Turning waste into trendy trashion

It’s called ‘trashion’ – fashion clothing and jewellery made out of old paper, metal and plastic – and it could help in the war against waste.

Desirable designs from waste paper. Blessed Nkosi from Bulawayo made the ‘discarded to divine’ dress.
Desirable designs from waste paper. Blessed Nkosi from Bulawayo made the ‘discarded to divine’ dress.

The Proudly Zimbabwean Trust has launched a campaign against dumping of waste, but rather than simply being a clean-up campaign, the materials collected will be transformed from debris to desirable.

The trust says it wants designers to make paper clothes and, as a motivation, is holding a Trashion Show on November 29 at the Harare International School in Mount Pleasant. It will be a showcase for paper clothes and metal and plastic jewellery.

Nine top-class designers have registered for the competition and many more are expected to indicate their interest in the showcase.

“The aim is to motivate the fashion industry to put waste to new use through turning it into designer fashions,” said the executive trustee, Fungai Chiposi. “Through the competition, future generations of clothing designers and others will help provide solutions to irresponsible littering. It is everybody’s obligation to think and behave responsibly when disposing of litter.”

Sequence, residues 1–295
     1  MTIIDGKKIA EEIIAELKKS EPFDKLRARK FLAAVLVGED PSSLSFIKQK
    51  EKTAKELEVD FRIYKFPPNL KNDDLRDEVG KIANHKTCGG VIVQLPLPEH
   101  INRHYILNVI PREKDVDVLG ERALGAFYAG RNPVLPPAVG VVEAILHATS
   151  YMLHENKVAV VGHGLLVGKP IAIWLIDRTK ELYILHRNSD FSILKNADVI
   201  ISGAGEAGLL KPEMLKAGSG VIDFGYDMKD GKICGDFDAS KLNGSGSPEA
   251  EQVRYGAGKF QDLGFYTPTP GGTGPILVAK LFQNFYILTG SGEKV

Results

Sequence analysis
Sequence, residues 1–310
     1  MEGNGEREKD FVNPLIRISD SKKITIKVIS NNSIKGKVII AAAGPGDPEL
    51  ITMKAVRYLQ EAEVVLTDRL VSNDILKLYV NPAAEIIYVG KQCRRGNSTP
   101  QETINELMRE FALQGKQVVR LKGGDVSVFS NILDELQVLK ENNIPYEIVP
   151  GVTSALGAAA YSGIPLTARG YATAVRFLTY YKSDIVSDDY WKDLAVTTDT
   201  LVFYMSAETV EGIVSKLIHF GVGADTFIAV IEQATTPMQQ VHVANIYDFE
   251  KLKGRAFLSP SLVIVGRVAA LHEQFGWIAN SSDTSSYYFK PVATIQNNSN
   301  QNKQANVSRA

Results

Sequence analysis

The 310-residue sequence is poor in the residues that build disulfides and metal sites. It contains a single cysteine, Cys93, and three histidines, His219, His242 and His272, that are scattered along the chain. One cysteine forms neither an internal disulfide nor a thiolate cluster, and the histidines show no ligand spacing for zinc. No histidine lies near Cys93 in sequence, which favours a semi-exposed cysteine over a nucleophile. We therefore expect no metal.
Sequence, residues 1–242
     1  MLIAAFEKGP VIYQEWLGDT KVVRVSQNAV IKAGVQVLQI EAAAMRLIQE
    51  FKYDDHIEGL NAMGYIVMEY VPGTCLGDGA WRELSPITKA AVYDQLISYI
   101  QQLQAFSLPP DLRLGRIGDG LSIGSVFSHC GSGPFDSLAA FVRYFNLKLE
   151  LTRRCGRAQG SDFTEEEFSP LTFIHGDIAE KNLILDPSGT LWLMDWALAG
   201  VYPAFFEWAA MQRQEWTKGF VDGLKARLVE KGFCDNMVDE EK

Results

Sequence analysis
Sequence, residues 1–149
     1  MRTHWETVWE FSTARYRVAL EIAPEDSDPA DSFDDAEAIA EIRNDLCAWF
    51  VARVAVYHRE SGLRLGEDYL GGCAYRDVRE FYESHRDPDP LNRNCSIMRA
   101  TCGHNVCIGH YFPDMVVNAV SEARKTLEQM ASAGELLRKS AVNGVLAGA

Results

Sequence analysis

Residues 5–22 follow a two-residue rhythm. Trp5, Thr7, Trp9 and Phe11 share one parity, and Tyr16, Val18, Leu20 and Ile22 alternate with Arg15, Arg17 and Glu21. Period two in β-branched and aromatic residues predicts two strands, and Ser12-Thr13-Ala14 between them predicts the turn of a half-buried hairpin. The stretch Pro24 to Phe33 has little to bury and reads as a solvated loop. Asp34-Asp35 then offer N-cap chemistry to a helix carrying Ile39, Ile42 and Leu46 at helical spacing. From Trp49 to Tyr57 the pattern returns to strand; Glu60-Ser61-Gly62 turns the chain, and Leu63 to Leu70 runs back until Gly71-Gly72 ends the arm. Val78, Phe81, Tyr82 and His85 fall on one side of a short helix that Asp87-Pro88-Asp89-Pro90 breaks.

The event will not only showcase the immense local talent transforming what people regard as waste into fashion items, but will also send signals to residents about the need to regard litter as a valuable resource.

Swift and Edgars will be the major sponsors of the showcase.

Colin Ratisai, a fashion designer and coordinator for the competition, urged designers to come up with show-stopping creations.

“We encourage participating designers to fully exploit their techniques and weaving expertise to produce ready-to-wear clothing out of ordinary waste,” said Ratisai.

To bring the anti-litter campaign to households, the Trust intends to start segregating litter at source, by supplying families with three refuse bins each, and will have a waste recycling plant up and running by the end of next year.

The Trust also plans to produce irrigation pipes out of waste.

Businesswoman Mary Wazara is among the champions of the litter recycling and waste management. Her company contributes towards the national clean-up exercise by buying collected litter from residents for recycling.

Post published in: News

Leave a Reply

Your email address will not be published. Required fields are marked *